See examples of the contact form on page 11 or the action spots on the images of the camera on page 15:
The lightbox frame allows the dynamic content to take over the screen, until dismissed by the user. Since it appears on top, there is no need to fit the content into the layout of the page, and it takes the user's attention. This makes it very well suited for the following types of content, for example:
- game or quiz activity
- feedback form
- further details of a product or item
- store finder/map
- 360º view of an object, or virtual reality interior
To add a lightbox to a publication:
- Create the content and place it in a ZIP file.
- Upload the ZIP file to the publishing site via the Manage Files page, setting the Special Usage field to 'HTML OVerlay'.
- Go to the Edit Pages page and select the page on which the lightbox should appear.
- Add an overlay and set the type to 'HTML Lightbox' (see Adding Overlays).
- Select the content file from the HTML ZIP dropdown.
- Set the Index File dropdown to the main HTML file within the ZIP. (Unless the content contains multiple HTML files, this will be the only option available in the dropdown.)
The area covered by the overlay is the part which the user can tap to open the lightbox. It should therefore normally be placed over a button or icon image on the page which the user will be able to see is a tappable trigger.
Alternatively, the 'Lightbox image file' dropdown can be set to a suitable image; if so, this image is displayed on the page in the location defined by the overlay, as a trigger for the lightbox.
This assumes that the lightbox content should be embedded with the publication. If the content should instead of streamed from a remote URL, then set the URL field and leave the HTML ZIP file and Index File dropdowns set to None. Having content streamed in from an external site is useful in a few select use cases, most notably during the testing/production phase as changes made to any code with be reflected instantly, instead of having to re-upload the content and re-previewing the publication. Also, any content which would naturally be stream in, such as some kind of dynamic feed, or streaming video (e.g. Brightcove) should also be added in this manner.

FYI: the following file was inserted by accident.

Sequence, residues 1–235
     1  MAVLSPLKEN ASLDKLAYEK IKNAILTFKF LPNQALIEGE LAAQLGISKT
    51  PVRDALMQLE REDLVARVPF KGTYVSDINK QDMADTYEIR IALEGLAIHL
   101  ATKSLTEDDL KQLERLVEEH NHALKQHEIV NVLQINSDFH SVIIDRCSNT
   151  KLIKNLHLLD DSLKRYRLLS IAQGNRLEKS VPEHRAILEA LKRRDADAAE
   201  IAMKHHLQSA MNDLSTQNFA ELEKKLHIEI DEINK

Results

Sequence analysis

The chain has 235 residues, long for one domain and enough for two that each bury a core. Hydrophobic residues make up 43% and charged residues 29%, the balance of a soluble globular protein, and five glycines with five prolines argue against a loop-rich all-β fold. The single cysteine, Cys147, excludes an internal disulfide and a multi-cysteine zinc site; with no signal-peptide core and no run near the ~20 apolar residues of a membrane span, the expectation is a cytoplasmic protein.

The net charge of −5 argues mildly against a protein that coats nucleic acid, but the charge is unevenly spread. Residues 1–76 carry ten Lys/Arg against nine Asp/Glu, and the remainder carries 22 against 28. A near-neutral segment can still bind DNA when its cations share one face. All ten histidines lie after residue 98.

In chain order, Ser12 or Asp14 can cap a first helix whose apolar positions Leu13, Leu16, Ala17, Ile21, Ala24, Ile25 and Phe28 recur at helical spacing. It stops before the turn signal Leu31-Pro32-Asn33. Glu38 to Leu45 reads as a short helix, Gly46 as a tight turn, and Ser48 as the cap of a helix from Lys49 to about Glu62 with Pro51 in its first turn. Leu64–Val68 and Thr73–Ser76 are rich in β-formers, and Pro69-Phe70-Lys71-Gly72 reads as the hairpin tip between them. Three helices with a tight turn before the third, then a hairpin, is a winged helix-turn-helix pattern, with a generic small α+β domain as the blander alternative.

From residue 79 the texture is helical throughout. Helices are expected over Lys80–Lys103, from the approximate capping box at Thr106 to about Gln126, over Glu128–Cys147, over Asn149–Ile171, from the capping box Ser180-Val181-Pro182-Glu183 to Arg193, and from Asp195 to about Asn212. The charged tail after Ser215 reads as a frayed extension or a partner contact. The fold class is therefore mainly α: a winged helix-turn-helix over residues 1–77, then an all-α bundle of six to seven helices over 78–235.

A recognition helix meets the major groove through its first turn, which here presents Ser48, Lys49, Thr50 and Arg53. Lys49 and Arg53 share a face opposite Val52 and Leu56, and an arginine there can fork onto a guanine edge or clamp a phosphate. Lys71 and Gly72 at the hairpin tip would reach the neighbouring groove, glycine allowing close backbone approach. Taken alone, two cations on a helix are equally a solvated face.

Dimensions and layout
The lightbox frame always uses a 4:3 or 3:4 aspect ratio, according to whether the device is in landscape or portrait orientation.
On iOS the frame is a standard width and height, 80% of the actual device's screen (1638.4 x 1228.8px on iPad, 908.8 x 512px on iPhone 5, 768 x 512px on older iPhones and iPod Touches). On Android and desktop, the lightbox can be limited to a maximum width and height (by default, 1024 x 768px), but on smaller devices the lightbox will be restricted by the available space and will therefore render with a smaller width and height.
it is the content creator's responsibility to ensure that the lightbox content renders cleanly on all platforms and devices on which it will be viewed, and also in both orientations. Some options for making the content adapt to both orientations are:
- As with any webpage, design the layout to reflow smoothly as the frame changes. Using the percentage dimensions is very useful in this regard.
- Use CSS media selectors (see e.g. http://css-tricks.com/css-media-queries/) to toggle between different layouts. This allows the content to shift between a layout optimised for landscape and a layout optimised for portrait as the user turns the device, or for different phone-friendly / tablet-friendly / desktop-friendly versions of the layout to be displayed as appropriate.
- If the content should only be viewed in one orientation, it's also possible to use media selectors to display a message saying, 'Please turn your device 90º' when in one orientation, and then display the content normally when the device is in the expected orientation.
The larger the size of the HTML content, the slower it will be to render when the user triggers the lightbox.
For this reason, any images or other assets should be optimised as far as possible without quality loss (for example, prefer JPG to PNG where transparency is not needed, avoid unnecessary include files).
If the content is unavoidably heavy, consider using a 'loader' - that is, have the content initially display a simple 'loading' animation or message, and then replace that with the correct content once it\'s ready. Using an HTML Package like Adobe Edge will allow you to add in a loader very simply.